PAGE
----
Two adverts warning cigarette smoke contains the radioactive substance that killed Russian spy Alexander Litvinenko has been pulled from a health campaign.
Manchester undertaker Russell Hopps was shocked to hear formaldehyde was found in cigarettes
The Department of Health said it was "inappropriate" to show the ad, which shows cigarettes contain polonium 210.
Experts are testing people who had contact with Mr Litvinenko or went to the same places to see if they were also infected.
But other adverts in the 'Smoke is Poison' campaign will air as planned.
The series of radio and television adverts, funded by the Department of Health and backed by Cancer Research UK, are fronted by investigative journalist Donal MacIntyre.
Each involves him interviewing someone exposed to a dangerous substance, including formaldehyde and benzene, in their work about the measures they take to protect themselves.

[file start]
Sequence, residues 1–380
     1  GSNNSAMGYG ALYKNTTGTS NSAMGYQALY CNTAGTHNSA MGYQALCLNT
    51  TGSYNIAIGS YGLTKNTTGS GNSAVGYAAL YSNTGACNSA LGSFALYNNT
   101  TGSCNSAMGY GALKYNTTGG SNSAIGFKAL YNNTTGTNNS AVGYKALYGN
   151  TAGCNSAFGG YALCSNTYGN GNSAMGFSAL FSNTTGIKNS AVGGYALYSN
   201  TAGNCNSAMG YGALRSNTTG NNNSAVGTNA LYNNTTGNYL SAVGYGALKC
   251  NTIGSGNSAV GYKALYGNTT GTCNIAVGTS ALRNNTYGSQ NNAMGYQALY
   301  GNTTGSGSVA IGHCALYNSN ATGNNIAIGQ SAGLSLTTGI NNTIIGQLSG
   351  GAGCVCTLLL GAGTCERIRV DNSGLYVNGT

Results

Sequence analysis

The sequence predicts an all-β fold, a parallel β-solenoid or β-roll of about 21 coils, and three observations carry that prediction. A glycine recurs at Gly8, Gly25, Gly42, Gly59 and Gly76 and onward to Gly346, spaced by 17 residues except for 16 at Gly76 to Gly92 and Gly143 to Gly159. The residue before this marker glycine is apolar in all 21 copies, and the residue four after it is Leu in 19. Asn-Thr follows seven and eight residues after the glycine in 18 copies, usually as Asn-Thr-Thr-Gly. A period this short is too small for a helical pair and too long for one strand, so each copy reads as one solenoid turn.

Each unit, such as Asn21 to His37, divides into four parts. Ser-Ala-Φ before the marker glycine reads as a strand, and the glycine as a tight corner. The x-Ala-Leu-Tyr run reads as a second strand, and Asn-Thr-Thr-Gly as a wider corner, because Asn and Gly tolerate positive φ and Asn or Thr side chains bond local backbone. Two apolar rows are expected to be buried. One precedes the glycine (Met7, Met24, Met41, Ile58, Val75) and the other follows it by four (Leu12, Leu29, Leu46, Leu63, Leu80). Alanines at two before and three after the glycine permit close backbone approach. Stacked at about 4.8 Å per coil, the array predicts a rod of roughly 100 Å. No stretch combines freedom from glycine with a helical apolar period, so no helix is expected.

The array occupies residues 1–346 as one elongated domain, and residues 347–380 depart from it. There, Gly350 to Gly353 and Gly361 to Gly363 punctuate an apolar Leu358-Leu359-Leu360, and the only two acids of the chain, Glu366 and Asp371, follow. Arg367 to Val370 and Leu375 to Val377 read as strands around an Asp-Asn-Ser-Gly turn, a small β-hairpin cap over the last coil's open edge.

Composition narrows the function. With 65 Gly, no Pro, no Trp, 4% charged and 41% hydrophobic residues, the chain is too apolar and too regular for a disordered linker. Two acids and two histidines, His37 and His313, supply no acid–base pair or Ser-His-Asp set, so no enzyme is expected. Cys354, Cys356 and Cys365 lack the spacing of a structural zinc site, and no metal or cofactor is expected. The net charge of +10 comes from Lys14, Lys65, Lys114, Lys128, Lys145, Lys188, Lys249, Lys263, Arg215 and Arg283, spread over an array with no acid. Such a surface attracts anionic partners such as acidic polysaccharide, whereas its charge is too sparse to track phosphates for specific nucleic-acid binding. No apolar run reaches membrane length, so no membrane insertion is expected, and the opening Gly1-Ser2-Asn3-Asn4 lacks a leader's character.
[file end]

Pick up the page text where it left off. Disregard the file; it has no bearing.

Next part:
The interviewee is then told that cigarettes contain the same chemical.
Sara Hiom, deputy director of cancer information, said the decision to withhold the adverts focussing on polonium 210 was taken jointly with the Department of Health.
"In light of recent unforeseen events and in consultation with the Department of Health, we took the decision not to air the polonium advert at this time.
"Information about polonium in relation to the campaign does feature elsewhere, such as on the campaign website www.smokeispoison.com."
A Department of Health spokeswoman: "When the Health Protection Agency confirmed that Mr Litvinenko had died from Polonium 210 poisoning we began discussions about the content of the 'Smoke is Poison' campaign.
"Because two of the five ads contained references to Polonium in cigarettes we took the decision with Cancer Research UK to withdraw these ads from this campaign.
"The remaining ads have hard-hitting messages about the dangers of cigarette smoke and the poisonous substances it contains"
The campaign also includes posters and beer mats.
Some mats which were sent out early to pubs in the West Country, saying 'Where do you find polonium? In cigarettes'.
They caused some concern locally, and have now also been withdrawn.